A Political Solution

How to Ordinarily Renew a Nation

The past couple months have been surreal. Megan Basham, Santiago Pliego, and Doug Wilson all appeared on Tucker Carlson. And you’re telling me you still haven’t embraced the vibe shift? Wilson’s interview in particular was wild, i.e., basically a full Gospel presentation for an hour straight. Truly amazing. It’s safe to say that clips from the interview went viral. Only one thing bugged me. Wilson has already addressed it on Blog & Mablog, but not to my satisfaction, as I’m sure he predicted. At issue is his comment that our problems have no political solution because they are “radical and spiritual,” and that they, therefore, require a spiritual solution. Political attempts would be a band aid at best. Only a bottom-up approach will work. That’s Wilson’s reasoning. He insists that he was not negating political action but asserting the most important and basic component of a “both/and” formula.

I reject that there is no political solution, albeit he may be right that our disagreement is one of “emphasis and order, not a disagreement proper.” In short, the political v. spiritual question is not the chicken and egg conundrum it seems at first blush. (I also commend to you Ben Crenshaw’s response thread on the issue.)

Editor’s note: This correction, via Martin Bucer’s De Regno Christi mainly, is best read, if you are in Moscow, at Bucer’s Coffee Shop.

Great Renewal

Martin Bucer’s De Regno Christi, a roadmap for renewal and governance of post-Reformation England in Edward VI’s administration, is a wonderful work deserving of your time. Especially good is his nigh doxological description of the kingdom of Christ and his explication of the difference between civil and ecclesiastical authority. But we will cut right to the chase—most of the meat for our purposes is in Book Two.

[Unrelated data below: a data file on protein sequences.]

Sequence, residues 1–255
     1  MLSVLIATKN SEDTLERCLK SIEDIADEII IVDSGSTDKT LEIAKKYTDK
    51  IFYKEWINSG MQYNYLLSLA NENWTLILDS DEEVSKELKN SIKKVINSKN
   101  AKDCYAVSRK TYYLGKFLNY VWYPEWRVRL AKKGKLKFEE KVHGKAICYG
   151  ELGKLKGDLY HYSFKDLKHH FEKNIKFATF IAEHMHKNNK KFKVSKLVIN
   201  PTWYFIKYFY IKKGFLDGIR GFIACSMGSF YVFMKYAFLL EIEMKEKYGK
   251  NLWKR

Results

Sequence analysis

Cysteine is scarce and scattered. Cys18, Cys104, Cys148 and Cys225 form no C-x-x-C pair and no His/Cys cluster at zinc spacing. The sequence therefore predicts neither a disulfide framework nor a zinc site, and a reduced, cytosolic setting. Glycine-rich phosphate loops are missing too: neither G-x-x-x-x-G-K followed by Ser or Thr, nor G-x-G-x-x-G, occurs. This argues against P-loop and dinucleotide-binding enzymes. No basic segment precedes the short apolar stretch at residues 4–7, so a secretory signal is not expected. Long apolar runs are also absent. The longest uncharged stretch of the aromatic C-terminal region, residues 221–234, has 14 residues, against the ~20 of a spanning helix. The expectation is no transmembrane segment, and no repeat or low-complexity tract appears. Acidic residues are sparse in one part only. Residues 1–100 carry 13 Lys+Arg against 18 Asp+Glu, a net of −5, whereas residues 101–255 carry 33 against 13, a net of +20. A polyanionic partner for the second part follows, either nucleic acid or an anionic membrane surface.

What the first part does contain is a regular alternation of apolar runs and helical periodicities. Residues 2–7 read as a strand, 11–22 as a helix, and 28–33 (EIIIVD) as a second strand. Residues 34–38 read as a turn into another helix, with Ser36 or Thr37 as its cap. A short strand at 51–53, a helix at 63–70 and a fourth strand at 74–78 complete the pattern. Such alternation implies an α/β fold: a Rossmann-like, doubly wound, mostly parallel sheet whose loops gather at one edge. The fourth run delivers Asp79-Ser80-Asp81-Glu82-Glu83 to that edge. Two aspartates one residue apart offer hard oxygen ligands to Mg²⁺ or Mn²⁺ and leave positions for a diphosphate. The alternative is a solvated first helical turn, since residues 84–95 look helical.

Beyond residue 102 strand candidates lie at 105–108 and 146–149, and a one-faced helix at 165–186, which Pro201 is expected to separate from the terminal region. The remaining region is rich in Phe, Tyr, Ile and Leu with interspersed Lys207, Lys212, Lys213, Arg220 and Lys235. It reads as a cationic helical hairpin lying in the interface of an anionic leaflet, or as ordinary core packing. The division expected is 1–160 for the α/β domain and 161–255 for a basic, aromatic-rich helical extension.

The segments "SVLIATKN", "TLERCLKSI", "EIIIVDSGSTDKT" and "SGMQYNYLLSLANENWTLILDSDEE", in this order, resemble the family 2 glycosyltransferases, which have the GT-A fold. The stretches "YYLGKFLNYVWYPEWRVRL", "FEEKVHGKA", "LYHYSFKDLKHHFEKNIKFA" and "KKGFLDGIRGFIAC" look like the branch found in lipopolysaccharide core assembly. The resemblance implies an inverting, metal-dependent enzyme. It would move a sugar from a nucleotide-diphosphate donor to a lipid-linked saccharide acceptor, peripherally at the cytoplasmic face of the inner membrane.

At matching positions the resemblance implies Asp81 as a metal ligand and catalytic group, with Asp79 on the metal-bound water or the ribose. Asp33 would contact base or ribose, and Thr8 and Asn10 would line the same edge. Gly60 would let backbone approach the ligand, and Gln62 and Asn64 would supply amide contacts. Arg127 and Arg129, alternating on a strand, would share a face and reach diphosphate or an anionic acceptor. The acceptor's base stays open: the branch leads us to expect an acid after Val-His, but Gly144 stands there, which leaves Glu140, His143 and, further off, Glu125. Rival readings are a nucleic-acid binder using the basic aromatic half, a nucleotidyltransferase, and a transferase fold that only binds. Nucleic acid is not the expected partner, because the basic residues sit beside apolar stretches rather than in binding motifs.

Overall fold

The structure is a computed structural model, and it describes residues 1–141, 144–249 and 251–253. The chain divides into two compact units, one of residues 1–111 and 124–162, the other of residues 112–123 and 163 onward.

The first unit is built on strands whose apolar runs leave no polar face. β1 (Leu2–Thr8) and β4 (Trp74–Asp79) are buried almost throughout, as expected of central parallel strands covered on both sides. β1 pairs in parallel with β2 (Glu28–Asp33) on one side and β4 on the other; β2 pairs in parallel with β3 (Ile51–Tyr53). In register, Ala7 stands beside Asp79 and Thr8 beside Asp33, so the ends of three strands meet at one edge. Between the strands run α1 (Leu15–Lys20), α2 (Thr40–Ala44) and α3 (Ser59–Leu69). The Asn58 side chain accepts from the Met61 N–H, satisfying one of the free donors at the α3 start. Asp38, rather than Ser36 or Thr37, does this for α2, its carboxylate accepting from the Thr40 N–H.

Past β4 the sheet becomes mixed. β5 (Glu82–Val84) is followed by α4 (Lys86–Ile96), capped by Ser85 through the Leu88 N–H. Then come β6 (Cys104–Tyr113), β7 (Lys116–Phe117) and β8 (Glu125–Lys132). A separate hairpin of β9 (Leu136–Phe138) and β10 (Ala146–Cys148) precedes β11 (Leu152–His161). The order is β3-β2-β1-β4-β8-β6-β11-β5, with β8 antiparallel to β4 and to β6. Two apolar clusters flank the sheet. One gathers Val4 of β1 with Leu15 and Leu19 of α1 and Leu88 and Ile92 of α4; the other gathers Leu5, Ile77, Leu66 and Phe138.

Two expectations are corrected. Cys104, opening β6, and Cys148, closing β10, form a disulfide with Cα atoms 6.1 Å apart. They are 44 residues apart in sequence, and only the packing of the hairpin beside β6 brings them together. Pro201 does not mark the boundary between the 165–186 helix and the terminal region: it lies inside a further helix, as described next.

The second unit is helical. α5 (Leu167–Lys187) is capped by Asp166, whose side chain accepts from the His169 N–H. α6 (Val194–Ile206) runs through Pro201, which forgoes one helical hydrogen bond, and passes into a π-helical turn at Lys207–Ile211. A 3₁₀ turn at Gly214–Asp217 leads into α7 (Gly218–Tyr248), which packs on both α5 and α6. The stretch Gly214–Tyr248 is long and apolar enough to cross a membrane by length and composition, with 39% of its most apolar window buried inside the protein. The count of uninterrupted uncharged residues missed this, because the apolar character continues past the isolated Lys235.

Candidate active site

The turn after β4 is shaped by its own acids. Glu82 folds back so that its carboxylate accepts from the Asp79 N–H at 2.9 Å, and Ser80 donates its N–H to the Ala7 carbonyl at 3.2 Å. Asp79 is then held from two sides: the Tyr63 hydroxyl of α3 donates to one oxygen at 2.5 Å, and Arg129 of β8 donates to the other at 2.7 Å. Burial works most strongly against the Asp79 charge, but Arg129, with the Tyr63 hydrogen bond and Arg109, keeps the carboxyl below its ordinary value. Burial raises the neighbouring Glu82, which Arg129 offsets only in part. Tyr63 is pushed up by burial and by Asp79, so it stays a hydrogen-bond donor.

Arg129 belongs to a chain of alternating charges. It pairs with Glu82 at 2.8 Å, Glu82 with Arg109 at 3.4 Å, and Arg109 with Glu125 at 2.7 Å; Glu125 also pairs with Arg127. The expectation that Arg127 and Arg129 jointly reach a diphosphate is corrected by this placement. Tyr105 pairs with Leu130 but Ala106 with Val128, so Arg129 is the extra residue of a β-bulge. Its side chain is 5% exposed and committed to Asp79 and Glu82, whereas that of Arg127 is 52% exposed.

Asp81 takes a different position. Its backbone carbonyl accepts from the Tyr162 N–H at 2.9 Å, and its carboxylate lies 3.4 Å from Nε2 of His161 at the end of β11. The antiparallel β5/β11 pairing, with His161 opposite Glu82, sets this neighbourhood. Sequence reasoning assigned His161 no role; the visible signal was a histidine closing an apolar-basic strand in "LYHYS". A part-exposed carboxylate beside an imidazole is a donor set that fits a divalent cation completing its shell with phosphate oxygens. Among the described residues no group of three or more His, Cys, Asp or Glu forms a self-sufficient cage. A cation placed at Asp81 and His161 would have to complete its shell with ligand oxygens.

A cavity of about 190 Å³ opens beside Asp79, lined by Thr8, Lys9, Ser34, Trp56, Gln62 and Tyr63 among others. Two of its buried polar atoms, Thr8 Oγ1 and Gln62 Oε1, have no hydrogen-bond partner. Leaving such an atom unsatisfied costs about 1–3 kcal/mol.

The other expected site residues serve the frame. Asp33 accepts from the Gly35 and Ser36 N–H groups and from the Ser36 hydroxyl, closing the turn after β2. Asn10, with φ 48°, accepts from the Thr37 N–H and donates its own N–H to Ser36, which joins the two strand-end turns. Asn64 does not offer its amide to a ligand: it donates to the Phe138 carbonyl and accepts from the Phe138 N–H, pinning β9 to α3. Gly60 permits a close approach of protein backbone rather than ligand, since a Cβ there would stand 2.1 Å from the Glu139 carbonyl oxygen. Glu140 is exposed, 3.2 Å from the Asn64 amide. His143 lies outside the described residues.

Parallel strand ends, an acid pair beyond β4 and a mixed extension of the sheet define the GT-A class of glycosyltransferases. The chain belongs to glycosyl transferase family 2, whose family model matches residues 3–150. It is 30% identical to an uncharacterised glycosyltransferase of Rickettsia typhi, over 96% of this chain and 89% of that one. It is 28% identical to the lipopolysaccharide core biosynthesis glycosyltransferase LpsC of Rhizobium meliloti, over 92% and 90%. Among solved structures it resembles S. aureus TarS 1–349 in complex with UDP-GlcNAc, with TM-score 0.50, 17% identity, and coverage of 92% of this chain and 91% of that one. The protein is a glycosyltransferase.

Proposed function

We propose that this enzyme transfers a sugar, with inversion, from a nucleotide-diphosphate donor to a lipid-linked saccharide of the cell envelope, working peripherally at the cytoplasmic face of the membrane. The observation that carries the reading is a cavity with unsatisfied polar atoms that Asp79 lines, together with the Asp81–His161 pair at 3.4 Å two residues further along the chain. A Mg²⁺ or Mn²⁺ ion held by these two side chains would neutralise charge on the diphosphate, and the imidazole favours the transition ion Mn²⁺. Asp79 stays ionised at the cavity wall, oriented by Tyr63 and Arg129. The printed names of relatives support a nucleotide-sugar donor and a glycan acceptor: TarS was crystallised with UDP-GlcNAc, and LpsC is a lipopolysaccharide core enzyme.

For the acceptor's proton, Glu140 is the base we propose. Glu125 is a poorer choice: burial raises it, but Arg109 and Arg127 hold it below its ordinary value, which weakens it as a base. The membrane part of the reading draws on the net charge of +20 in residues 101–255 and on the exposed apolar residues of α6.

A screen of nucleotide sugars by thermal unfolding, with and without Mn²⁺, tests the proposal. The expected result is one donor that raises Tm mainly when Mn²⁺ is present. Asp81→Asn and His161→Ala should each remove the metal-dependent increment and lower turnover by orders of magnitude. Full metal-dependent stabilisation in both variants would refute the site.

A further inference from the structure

True religion cannot be restored by a corrupt, apathetic ministry. More importantly, every soul is subject to the civil power. It is his job to reform and direct them; it is the magistrate’s duty to restore the clergy and the churches to proper order and worship. The “renewal of this office [clergy] contributes toward the salvation of all.” Neglect of it “endangers” all. Religious renewal is a matter of duty and civil interest. By his office, the magistrate is charged with renewal, out of concern for the wellbeing and happiness of his people, he has a civil interest in doing so.

Models for imitation include David, Solomon, Asa, Hezekiah, Josiah, and Nehemiah.

“When true religion had seriously fallen apart in their times and the priesthood was perniciously corrupted, these men personally undertook the task of the renewal of religion as a matter of royal right and duty.”

First, they “took care before all else that the law of God was very energetically declared and explained to the people.” So, first comes edicts, pertaining both to morals and church function (circa sacra).  

Second, they worked to persuade all to “wholeheartedly” accept and reverence the Lord and his covenant with them. Persuasion follows edicts. The effect of laws is limited without moral persuasion—Bucer cites Cicero, De Legibus, II.5.11 and Plato, Laws, IV, 722b-723a. This is not mass persuasion per se, though it is desirous that the people get on board. It is first persuasion of leaders, representatives, lesser magistrates.

Last, “they reorganized and renewed the estate and ministry of priests and Levites and the entire administration of religion, according to the law of God; and they watched most vigilantly that no one should destroy what they had done.” After edicts and commensurate persuasion, the mission and work of the church must be guaranteed by making sure it is free of corruption and misadministration, as well as external threats.

Althusius provides a similar if slightly more aggressive checklist with reform of the church coming third and fifth in the order—the first goal being to establish “true acknowledgement and worship of God” via edict.  

Bucer notes that in each case of the aforementioned examples, the godly magistrate surrounded himself with advisers (“supreme council”). David consulted leaders (1 Chronicles 13:1) for this purpose. Credentials will not suffice. Men of true character and “endowed and aflame beyond others with the knowledge and love of the Kingdom of Christ. Selection of the right men is admittedly difficult but imperative so that the reformist magistrate can act appropriately and wisely.